On May 8th, United States President Donald Trump announced the United States’ withdrawal from the Iran Nuclear Deal. So what exactly does this mean for Iran, the United States, and the world? Learn about it in our latest deep dive.
Before we ‘dive’ in:
In 2002, Iran was suspected of developing nuclear weapons, and continued to do so even after inspections by the International Atomic Energy Agency (IAEA). In 2006, the European Union, United States, and United Nations chose to respond by imposing sanctions that hurt Iran’s oil business, weapons sales, and economy.
What’s the Deal?
The Iran Nuclear Deal was an agreement reached in 2015 between Iran, P5+1 (China, France, Russia, United Kingdom, and United States: the five permanent members of the United Nations Security Council, plus Germany), and the European Union.
The deal aimed to restrict Iran’s capability to make a nuclear bomb and make sure that any nuclear technology being used was for nuclear energy. In order to use uranium for nuclear purposes, uranium ore mined from the earth needs to be enriched, or concentrated, using a device called a centrifuge. This enriched uranium is then used to make nuclear reactor fuel and weapons. At the time of the agreement, Iran had two main facilities for enriching uranium: Natanz and Fordo.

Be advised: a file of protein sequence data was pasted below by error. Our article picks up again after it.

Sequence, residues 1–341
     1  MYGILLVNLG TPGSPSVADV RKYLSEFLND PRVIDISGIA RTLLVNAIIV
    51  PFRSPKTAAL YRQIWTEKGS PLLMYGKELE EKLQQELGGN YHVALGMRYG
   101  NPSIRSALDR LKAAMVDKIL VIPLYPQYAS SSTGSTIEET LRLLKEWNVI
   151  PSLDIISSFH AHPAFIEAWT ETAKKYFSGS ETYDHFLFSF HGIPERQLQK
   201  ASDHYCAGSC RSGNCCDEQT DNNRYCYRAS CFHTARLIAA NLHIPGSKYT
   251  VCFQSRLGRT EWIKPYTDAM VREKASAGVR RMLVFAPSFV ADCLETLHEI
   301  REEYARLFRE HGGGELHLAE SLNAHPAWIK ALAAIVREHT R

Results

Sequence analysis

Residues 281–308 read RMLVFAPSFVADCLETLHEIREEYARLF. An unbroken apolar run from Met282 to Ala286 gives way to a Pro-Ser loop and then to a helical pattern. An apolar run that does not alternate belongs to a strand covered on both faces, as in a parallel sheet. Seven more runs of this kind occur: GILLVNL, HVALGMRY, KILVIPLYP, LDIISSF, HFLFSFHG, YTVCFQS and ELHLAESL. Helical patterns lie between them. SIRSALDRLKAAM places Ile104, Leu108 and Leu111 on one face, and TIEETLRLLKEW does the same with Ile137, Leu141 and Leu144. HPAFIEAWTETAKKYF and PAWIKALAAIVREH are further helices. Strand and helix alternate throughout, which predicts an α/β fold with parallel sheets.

Let’s take a look at the agreements within the deal:
Okay…so what’s up with Trump?
Although President Trump just recently decided to leave the deal, other global leaders have previously voiced their opposition the deal. Israeli leader Benjamin Netanyahu was known for being against the agreement, stating that it “paves Iran’s path to the bomb.” In late April of this year, Netanyahu put forth “new and conclusive proof” that allegedly proved that Iran is hiding nuclear weapons and not keeping up their side of the bargain.
On May 8th, President Trump announced the United States’ withdrawal from the nuclear deal. In speech, President Trump stated, “We will be instituting the highest level of economic sanction. Any nation that helps Iran in its quest for nuclear weapons could also be strongly sanctioned by the United States.” Some say that the United States’ withdrawal from the deal could potentially strain relationships between the United States and its allies.
Prime Minister Theresa May (UK), Chancellor Merkel (Germany), and President Macron (France) expressed their concern over the United States’ decision in a joint statement. The three countries have declared their intention to preserve the agreement. However, Iran has not yet decided whether to stay or leave the agreement, and plans to reach a conclusion within the next few weeks.
What do you think? Is the nuclear deal a step towards world peace? Or is it paving “Iran’s path to the bomb?”